Geithner: Financial System Beginning to AdjustThe nation's financial services system U.S. financial system is beginning to adjust, and lending is beginning to improve. But more restructuring is still ahead for the industry, says Treasury Secretary Timothy Geithner in a speech before the Independent Community Bankers of America (ICBA).
Geithner also says there are plans to reopen the bailout fund to smaller banks once the larger ones repay some of the money they received. "We have already seen a substantial amount of adjustment in our financial system. The more vulnerable parts of the non-bank financial system no longer exist," Geithner says.
There is still more restructuring ahead for the financial industry as a whole, "but a substantial part of the adjustment process is now behind us," Geithner told the ICBA members. His broad goals for regulatory reform were also discussed along with the need for authority to unwind failing financial institutions that are large enough to damage the entire financial system. Geithner proposes that large, systemically important firms pay into a fund that would cover the costs should one of them need to be shut down. He sees it needs to be a separate solution where the burden of funding is paid by the large institutions in a level proportionate to their size.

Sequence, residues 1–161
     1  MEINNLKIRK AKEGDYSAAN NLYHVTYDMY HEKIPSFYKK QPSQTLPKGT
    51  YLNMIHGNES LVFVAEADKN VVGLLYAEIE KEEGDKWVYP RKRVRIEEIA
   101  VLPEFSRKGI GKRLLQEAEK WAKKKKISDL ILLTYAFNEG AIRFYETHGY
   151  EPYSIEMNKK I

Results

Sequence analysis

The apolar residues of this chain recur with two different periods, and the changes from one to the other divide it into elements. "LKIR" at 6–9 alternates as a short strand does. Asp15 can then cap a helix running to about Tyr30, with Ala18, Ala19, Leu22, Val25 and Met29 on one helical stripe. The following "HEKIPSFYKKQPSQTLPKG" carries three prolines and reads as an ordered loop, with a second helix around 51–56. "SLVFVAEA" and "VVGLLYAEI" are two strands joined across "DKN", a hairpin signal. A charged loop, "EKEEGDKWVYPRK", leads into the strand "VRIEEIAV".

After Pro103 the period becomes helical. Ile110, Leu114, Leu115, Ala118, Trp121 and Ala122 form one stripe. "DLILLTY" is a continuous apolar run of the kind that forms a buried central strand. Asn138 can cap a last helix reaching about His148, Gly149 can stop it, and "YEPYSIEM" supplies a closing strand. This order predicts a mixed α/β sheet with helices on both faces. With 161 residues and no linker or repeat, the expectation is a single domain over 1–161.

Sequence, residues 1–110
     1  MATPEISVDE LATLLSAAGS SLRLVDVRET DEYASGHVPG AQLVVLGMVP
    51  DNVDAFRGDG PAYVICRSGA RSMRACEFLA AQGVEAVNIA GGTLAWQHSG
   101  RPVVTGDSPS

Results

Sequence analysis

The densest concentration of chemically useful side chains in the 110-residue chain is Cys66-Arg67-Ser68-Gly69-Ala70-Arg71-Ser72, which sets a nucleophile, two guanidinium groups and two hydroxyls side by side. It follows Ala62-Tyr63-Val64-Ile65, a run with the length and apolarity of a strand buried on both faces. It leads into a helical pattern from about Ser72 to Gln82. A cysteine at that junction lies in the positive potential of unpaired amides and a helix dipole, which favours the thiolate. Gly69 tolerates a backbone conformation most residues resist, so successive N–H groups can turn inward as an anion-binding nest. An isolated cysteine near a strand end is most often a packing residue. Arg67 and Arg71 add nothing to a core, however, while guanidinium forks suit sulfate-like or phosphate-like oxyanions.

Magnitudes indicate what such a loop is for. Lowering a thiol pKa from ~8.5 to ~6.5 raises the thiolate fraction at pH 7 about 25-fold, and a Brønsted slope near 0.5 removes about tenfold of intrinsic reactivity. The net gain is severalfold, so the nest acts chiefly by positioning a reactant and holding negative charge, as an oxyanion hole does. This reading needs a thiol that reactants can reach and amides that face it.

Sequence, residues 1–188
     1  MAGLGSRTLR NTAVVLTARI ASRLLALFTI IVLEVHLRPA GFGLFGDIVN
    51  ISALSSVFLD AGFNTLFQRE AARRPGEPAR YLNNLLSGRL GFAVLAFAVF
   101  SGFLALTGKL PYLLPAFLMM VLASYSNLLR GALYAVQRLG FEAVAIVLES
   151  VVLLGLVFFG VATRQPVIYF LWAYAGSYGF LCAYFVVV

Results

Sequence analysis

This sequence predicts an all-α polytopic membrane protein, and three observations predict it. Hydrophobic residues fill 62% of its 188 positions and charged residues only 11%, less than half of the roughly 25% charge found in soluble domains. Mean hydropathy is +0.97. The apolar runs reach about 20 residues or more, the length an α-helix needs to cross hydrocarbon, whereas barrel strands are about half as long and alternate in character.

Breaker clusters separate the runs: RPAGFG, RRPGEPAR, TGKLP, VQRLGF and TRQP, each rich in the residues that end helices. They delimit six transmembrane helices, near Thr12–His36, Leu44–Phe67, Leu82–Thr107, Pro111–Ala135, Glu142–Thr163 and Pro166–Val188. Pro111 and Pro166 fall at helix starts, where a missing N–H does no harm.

The Obama administration proposals for regulatory reform will focus on better rules and more consolidated oversight so that banks have less opportunity to shop around for the most lenient regulator, Geithner says. "Our system now is too complex ... It is not a system we can afford to live with any more."
Community banks with assets under $500 million will be able to apply for funding under the Troubled Asset Relief Program (TARP), and the window to apply will be open for six months. Those now participating can also reapply with an expedited approval process.